8 Photos of New Yorkers Most People Don’t See.

Via on Dec 15, 2013

“Be kind, for everyone you meet is fighting a hard battle.”


Relephant bonus: 3 things I wish I knew earlier:

NYC: Homeless man sings Radiohead’s “Creep.”

There are many more photos and stories on Chris Arnade’s Flickr account, with stories. NSFW:

Thanks to Alan Tudyk’s twitter feed, here’s all the stories & pics. NSFW

This picture hit me the hardest.

http://www.flickr.com/photos/arnade/8076878212/in/set-72157627894114489/ This one too got me. The idea of a “kitten hustle” is strange to me… I can’t imagine being so poor as to hunt down stray kittens to take somewhere to sell.

(Source: imgur.com)


Why Yoga Can Be An Important Part of Addiction Recovery. ~ Alicia Lawrence

“This is why you don’t smoke crack!”

Nine Common Misconceptions About the Homeless.


Bonus: 2-minute meditation to help see those around you:

YouTube Preview Image

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34 Responses to “8 Photos of New Yorkers Most People Don’t See.”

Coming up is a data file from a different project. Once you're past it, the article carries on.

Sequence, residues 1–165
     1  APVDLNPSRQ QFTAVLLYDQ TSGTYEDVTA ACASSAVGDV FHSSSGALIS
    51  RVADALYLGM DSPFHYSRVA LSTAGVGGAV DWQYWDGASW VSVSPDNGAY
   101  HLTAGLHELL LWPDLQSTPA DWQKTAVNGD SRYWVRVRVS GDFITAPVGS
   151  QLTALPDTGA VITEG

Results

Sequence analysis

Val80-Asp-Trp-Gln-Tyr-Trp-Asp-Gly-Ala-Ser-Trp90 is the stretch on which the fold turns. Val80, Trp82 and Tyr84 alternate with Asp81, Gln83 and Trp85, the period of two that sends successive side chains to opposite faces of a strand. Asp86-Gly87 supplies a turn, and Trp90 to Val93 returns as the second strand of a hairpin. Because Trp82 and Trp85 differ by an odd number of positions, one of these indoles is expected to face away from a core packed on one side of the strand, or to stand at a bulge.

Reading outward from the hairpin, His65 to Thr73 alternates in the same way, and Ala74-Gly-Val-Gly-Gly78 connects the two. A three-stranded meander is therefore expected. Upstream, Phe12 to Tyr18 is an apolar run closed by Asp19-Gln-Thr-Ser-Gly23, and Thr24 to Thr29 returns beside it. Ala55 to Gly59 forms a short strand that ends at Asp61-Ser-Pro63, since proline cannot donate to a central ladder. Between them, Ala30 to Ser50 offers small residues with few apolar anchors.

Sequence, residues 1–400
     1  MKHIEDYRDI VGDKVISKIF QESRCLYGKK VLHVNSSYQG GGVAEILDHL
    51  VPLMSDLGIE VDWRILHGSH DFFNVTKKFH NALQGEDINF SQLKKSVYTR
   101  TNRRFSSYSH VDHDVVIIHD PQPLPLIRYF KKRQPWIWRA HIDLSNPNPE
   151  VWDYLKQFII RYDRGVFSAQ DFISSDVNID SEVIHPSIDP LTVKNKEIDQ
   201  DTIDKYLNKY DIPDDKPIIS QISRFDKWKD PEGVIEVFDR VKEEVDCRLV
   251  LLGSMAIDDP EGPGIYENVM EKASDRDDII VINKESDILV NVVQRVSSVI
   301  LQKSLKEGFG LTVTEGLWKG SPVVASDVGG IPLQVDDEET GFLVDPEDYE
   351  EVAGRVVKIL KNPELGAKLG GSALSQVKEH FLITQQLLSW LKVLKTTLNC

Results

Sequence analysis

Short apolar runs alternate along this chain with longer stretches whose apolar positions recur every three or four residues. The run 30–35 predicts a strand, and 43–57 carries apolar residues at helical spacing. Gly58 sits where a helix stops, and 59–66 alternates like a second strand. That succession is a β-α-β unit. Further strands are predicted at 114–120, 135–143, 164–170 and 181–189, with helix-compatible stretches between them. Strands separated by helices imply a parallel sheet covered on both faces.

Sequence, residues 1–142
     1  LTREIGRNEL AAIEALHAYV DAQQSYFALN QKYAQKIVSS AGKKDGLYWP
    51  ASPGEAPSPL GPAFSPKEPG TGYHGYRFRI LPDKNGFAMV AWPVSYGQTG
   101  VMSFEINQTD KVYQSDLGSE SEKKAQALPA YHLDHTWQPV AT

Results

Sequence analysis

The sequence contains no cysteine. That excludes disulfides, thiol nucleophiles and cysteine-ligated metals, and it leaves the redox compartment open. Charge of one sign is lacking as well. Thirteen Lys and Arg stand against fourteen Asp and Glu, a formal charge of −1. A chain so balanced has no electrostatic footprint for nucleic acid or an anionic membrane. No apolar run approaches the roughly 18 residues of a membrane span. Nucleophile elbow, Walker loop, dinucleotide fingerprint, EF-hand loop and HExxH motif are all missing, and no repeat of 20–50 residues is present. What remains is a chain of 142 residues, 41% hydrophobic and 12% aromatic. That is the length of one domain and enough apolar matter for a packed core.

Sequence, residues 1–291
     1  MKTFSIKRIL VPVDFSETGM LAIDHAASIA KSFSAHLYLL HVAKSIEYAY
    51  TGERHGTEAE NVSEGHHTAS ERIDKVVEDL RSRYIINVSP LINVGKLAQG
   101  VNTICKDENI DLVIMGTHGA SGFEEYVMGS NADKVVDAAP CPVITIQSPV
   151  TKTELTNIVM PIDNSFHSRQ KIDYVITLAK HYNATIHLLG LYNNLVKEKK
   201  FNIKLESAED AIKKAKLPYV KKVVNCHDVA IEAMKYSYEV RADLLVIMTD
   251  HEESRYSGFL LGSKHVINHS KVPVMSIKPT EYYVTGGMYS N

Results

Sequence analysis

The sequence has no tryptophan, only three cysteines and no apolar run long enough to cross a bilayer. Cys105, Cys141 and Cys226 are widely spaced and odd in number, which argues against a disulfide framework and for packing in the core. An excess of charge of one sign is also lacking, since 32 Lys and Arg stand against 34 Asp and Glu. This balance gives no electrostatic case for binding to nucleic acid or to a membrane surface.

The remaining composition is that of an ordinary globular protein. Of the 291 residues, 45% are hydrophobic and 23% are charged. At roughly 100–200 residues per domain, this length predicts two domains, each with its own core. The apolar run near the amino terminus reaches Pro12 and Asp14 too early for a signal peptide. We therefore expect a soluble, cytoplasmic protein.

1. sharelle says:

    Chris – These are very powerful images. I know you have been working on these for some time.,,it shows. Bravo!

  2. Linda M. says:

    These pics were extremely powerful & the captions will probably haunt me forever.

  3. Anne says:

    There never was a five year old who had the dream of being a junkie when she grew up. Addicts bring out some of humanity 's worst judgement. Thank you for taking time to reflect this back to us with these people who have stepped into a darkness we all fear and raising our empathy and compassion.

  4. Sandy says:

    Thanks for showing us the truth. I feel for these people and don't want people living this way. It hurts

  5. lynny says:


  6. Kimberley says:

    It’s easy to cast judgement on people and their addictions. We often forget that there’s a story behind each addiction..
    Thank you for this.

  7. Zoe says:

    This is very powerful. Thank you.

  8. Chris says:

    Damn! The picture of Egypt created fluid in my eyes. I'd hug her. And the cat.

  9. Joshua says: